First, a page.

It is only when the Senator gets assassinated and a phishing scam happens that things start to heat up. The reader is exposed to the power play that takes place in Corporate boardrooms and politicals corridors. We have a female head of a powerful bank who is involved in money laundering, dalliances with a Finance minister and finally ends up dead ( is it a suicide or a murder ??).

The gaming angle and Facebook are given ample coverage. The role of social media in marketing anything and everything (whether it is a game or a even blog like "Confessions of a Hooker") is brought under the lens.

Plus there are the situations which cater to the Indian mindset too. The meeting between a father and a long lost son, the son helping the old man out with his latest venture, the father's unshakable faith in the son's ability to deliver, a romantic angle, an honest man getting bumped off because he chose to depose against a powerful figure, US investigators using guile to get past the famed Indian red tape in the course of their investigation are some of those.

There is a new revelation in almost every chapter and that is what sustains one's interest throughout the book (Ex- Do you know what Satoshi Nakamoto stands for ? ). This is difficult to keep the facts out of your head. One keeps working out the plot over and over while making amendments as and when new facts show up. But it is the twist in the end which delivers the knockout punch.  A must read if you are crazy about thrillers that draw heavily on technology.

Thursday, October 2, 2014

Book Review: Half Girlfriend (by Chetan Bhagat)

(Buy online Here)

Oops....he did it again!!! Chetan Bhagat's latest could easily be another Hindi blockbuster. Hardly surprising for a guy who is quoted to be the largest selling English language novelist in Indian History. He thrives on mass appeal. Something which the Dan BrownsJeffery Archers and the Sidney Sheldons lack. They do not touch the soul of the Indian reader simply because the plot, the settings and even the English is so alien. Bhagat has his finger on the pulse of the average Indian who just like Madhav, the lead protagonist, thinks first in vernacular and then translates it into English. Akin to providing the proverbial icing on the cake, he intersperses English with Bhojpuri, sometimes even crass stuff like 'Deti hai to de, varna kat le'.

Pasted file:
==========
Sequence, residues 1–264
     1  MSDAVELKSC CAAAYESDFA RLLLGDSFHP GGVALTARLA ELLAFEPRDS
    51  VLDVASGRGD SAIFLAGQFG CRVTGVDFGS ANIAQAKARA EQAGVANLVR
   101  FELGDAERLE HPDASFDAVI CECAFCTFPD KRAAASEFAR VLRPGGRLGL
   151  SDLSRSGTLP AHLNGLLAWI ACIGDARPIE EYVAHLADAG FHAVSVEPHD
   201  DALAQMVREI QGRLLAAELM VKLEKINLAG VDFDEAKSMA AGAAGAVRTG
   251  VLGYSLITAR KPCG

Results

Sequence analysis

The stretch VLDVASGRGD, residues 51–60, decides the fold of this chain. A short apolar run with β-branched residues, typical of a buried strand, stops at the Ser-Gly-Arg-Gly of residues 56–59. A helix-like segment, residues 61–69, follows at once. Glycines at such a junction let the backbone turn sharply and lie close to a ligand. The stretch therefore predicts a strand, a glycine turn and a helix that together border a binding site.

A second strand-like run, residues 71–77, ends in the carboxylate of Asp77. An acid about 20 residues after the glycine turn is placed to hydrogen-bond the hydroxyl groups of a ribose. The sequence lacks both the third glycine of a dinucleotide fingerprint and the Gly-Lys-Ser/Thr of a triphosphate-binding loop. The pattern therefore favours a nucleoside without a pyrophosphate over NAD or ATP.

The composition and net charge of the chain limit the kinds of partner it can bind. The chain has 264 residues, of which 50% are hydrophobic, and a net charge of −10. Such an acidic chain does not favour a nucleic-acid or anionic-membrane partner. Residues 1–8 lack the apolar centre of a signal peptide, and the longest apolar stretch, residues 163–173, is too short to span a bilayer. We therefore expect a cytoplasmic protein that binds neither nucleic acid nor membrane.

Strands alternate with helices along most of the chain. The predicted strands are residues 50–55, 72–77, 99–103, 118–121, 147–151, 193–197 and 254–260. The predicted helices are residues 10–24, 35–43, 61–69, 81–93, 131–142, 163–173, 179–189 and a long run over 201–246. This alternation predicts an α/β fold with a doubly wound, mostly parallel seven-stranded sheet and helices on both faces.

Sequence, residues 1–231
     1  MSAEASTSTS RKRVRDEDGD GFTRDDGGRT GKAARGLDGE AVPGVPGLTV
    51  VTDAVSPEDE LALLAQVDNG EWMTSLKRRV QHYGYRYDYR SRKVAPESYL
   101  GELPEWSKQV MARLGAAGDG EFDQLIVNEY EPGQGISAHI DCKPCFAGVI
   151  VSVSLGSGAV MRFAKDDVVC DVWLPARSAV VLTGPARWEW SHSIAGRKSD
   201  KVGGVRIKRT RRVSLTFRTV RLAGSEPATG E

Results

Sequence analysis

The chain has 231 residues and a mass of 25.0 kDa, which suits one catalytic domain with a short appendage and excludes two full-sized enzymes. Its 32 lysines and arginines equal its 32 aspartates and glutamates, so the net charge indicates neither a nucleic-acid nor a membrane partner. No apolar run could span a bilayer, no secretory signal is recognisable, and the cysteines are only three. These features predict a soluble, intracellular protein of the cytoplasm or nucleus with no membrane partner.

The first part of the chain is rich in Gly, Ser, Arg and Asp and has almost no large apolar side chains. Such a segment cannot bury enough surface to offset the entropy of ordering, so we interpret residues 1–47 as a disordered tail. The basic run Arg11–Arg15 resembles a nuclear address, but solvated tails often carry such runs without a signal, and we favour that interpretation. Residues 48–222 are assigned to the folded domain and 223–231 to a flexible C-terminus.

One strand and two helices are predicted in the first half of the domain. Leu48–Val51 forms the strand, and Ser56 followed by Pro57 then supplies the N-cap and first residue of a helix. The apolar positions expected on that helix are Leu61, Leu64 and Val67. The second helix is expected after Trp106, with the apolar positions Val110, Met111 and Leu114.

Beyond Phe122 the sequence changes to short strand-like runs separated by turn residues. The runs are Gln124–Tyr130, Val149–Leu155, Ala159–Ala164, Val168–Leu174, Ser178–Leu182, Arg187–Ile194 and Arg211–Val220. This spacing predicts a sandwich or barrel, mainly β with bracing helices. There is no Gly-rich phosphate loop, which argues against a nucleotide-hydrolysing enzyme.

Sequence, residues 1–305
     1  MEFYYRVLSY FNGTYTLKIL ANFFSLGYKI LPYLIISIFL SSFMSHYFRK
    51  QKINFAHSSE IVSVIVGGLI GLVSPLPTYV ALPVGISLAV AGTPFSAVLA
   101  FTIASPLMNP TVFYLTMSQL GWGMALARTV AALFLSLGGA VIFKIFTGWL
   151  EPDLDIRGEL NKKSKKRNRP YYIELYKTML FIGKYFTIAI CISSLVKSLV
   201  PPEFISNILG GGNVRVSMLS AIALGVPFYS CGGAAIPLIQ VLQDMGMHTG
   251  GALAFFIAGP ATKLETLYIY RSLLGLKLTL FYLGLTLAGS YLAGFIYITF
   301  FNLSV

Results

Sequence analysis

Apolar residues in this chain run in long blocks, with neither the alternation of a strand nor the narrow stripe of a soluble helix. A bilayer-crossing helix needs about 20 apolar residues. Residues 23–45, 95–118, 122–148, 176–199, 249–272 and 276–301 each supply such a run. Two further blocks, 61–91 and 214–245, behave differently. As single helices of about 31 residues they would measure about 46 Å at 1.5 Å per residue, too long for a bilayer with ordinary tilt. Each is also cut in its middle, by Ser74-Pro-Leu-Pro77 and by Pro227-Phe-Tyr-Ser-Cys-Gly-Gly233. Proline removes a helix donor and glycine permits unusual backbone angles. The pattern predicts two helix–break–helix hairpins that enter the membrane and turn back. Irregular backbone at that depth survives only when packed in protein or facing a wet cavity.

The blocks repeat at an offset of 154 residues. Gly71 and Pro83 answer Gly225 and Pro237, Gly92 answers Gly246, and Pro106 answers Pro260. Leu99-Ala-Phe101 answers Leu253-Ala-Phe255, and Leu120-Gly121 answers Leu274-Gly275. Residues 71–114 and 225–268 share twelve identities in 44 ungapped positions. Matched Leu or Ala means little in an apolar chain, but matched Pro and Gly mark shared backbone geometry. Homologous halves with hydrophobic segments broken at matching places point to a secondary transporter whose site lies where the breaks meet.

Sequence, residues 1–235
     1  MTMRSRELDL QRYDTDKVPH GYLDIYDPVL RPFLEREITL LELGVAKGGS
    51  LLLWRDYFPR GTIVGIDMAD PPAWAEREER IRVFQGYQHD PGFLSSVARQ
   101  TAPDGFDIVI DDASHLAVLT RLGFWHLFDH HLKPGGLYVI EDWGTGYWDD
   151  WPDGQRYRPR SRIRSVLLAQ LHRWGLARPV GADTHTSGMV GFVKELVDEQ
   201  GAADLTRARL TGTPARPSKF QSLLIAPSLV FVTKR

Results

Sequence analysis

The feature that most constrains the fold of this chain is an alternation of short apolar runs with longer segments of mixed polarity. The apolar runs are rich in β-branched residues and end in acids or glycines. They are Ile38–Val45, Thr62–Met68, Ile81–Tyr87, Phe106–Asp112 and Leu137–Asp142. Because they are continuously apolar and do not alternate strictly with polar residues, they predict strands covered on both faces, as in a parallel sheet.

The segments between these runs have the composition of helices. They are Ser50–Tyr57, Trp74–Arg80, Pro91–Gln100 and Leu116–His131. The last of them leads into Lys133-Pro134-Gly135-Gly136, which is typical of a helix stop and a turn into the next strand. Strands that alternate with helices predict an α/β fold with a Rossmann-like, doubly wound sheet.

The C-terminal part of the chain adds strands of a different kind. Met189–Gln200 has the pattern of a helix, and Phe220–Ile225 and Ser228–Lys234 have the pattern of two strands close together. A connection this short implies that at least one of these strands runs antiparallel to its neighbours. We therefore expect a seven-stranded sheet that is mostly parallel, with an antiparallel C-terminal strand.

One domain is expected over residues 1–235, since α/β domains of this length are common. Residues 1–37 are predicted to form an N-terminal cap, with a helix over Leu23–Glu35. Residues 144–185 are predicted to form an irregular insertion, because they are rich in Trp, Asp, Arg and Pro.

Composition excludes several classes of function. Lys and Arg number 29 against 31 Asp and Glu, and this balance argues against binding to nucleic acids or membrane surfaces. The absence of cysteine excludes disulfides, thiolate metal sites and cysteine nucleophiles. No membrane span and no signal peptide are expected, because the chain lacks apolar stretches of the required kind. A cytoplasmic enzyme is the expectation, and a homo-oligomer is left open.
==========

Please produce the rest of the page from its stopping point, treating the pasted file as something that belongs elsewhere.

The story which moves between Delhi, Bihar and New York, is a poor boy meets rich chick plot with a very realistic twist. "Rich chick falling for a poor guy?? Dude that happens only in our Hindi movies". A standard reaction. But what makes this convincing is that the chick, who is portrayed as being commitment phobic, does not fall for our poor Bihari guy until the end. She agrees to be his half-girlfriend but no more. The reason behind it revealed much later. For a story that is largely narrated in flashback, Bhagat maintains a good grip on the plot.

The main protagonists meet in college as teenagers. Their love for basketball brings them close but their bliss does not last. Both take off their separate ways to pursue individual dreams but destiny has other plans for them. They meet after three years, both older and wiser. Only to be separated by another twist of fate. They meet yet again in the climax, this time to end up together.

The book has quite a few sparkling moments including one when Madhav, the Bihari guy who has always nursed a complex about his English, delivers a speech (a section of which is impromptu) in English in front of Bill Gates and bags a grant from the Gates Foundation. Both the leads are flesh and blood characters who have 'hatke' dreams and are not afraid of pursuing them.

Bhagat has fleetingly touched upon a lot of sensitive topics including child abuse, marital abuse and secondary status of the girl child in society. But in typical Bhagat style, he does not dissect them. No intellectual reflections. No philosophical views. Highly recommended (even for those folks who rather prefer his movies)!

If you have any reservations about Bhagat's English which sounds rather juvenile given his pedigree, read this article (click here). English elitist's eat your heart out. The rest of India is catching up and how.